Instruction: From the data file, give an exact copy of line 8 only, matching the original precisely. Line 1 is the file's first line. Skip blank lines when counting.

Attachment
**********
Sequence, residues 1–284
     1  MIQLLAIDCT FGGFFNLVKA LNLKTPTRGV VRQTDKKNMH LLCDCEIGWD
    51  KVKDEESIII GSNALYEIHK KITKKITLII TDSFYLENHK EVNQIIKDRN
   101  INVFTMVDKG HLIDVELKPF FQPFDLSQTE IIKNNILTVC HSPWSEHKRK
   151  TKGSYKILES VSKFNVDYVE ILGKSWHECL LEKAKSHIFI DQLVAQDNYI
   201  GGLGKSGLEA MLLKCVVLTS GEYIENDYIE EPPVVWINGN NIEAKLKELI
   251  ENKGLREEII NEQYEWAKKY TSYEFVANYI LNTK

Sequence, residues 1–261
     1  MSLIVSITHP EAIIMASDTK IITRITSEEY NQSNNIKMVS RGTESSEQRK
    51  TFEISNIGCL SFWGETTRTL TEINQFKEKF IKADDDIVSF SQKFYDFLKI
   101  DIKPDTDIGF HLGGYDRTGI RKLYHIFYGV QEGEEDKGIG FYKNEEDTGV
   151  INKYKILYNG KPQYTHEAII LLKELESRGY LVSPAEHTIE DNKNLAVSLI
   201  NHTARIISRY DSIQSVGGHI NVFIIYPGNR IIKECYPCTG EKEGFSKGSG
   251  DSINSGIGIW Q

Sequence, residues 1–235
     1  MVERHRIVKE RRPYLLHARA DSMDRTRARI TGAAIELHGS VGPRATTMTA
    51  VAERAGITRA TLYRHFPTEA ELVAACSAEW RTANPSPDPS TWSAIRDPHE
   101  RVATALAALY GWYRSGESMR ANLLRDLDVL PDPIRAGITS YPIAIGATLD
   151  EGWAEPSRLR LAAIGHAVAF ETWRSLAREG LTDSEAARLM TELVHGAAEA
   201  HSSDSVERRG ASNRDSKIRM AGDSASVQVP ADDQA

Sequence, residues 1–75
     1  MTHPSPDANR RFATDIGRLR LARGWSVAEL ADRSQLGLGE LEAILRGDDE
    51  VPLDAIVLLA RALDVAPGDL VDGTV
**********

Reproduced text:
Sequence, residues 1–261